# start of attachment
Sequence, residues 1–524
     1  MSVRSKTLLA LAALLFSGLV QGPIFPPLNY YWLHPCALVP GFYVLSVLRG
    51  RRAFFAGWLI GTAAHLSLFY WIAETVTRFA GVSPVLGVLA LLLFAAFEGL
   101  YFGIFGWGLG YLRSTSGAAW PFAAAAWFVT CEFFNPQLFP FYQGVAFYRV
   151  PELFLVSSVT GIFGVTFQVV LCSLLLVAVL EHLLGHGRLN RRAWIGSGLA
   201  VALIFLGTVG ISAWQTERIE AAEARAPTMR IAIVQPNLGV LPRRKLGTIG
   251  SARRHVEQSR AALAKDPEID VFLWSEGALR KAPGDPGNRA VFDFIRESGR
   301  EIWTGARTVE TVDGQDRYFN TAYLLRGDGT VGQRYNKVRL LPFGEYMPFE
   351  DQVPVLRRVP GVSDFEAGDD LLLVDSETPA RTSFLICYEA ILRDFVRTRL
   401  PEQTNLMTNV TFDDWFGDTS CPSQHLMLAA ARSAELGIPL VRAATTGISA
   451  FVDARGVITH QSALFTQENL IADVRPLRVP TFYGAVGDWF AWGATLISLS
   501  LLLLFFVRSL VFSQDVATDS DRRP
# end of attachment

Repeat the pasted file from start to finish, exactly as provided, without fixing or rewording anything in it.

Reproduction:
Sequence, residues 1–524
     1  MSVRSKTLLA LAALLFSGLV QGPIFPPLNY YWLHPCALVP GFYVLSVLRG
    51  RRAFFAGWLI GTAAHLSLFY WIAETVTRFA GVSPVLGVLA LLLFAAFEGL
   101  YFGIFGWGLG YLRSTSGAAW PFAAAAWFVT CEFFNPQLFP FYQGVAFYRV
   151  PELFLVSSVT GIFGVTFQVV LCSLLLVAVL EHLLGHGRLN RRAWIGSGLA
   201  VALIFLGTVG ISAWQTERIE AAEARAPTMR IAIVQPNLGV LPRRKLGTIG
   251  SARRHVEQSR AALAKDPEID VFLWSEGALR KAPGDPGNRA VFDFIRESGR
   301  EIWTGARTVE TVDGQDRYFN TAYLLRGDGT VGQRYNKVRL LPFGEYMPFE
   351  DQVPVLRRVP GVSDFEAGDD LLLVDSETPA RTSFLICYEA ILRDFVRTRL
   401  PEQTNLMTNV TFDDWFGDTS CPSQHLMLAA ARSAELGIPL VRAATTGISA
   451  FVDARGVITH QSALFTQENL IADVRPLRVP TFYGAVGDWF AWGATLISLS
   501  LLLLFFVRSL VFSQDVATDS DRRP